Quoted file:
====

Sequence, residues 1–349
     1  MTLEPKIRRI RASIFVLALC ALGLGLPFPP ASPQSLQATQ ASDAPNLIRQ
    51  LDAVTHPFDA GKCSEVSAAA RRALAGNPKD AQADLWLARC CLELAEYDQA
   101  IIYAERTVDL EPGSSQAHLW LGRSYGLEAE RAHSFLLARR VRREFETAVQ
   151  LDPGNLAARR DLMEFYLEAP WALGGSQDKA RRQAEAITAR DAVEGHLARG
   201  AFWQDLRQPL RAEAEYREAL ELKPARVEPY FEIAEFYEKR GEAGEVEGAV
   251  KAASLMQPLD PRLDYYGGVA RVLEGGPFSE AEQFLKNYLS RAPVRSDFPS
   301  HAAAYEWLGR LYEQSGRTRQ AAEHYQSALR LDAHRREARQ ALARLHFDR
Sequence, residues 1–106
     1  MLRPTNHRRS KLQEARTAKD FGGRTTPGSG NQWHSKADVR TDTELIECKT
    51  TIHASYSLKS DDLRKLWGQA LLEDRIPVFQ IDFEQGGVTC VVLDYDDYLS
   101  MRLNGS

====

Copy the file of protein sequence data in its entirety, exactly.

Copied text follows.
Sequence, residues 1–349
     1  MTLEPKIRRI RASIFVLALC ALGLGLPFPP ASPQSLQATQ ASDAPNLIRQ
    51  LDAVTHPFDA GKCSEVSAAA RRALAGNPKD AQADLWLARC CLELAEYDQA
   101  IIYAERTVDL EPGSSQAHLW LGRSYGLEAE RAHSFLLARR VRREFETAVQ
   151  LDPGNLAARR DLMEFYLEAP WALGGSQDKA RRQAEAITAR DAVEGHLARG
   201  AFWQDLRQPL RAEAEYREAL ELKPARVEPY FEIAEFYEKR GEAGEVEGAV
   251  KAASLMQPLD PRLDYYGGVA RVLEGGPFSE AEQFLKNYLS RAPVRSDFPS
   301  HAAAYEWLGR LYEQSGRTRQ AAEHYQSALR LDAHRREARQ ALARLHFDR
Sequence, residues 1–106
     1  MLRPTNHRRS KLQEARTAKD FGGRTTPGSG NQWHSKADVR TDTELIECKT
    51  TIHASYSLKS DDLRKLWGQA LLEDRIPVFQ IDFEQGGVTC VVLDYDDYLS
   101  MRLNGS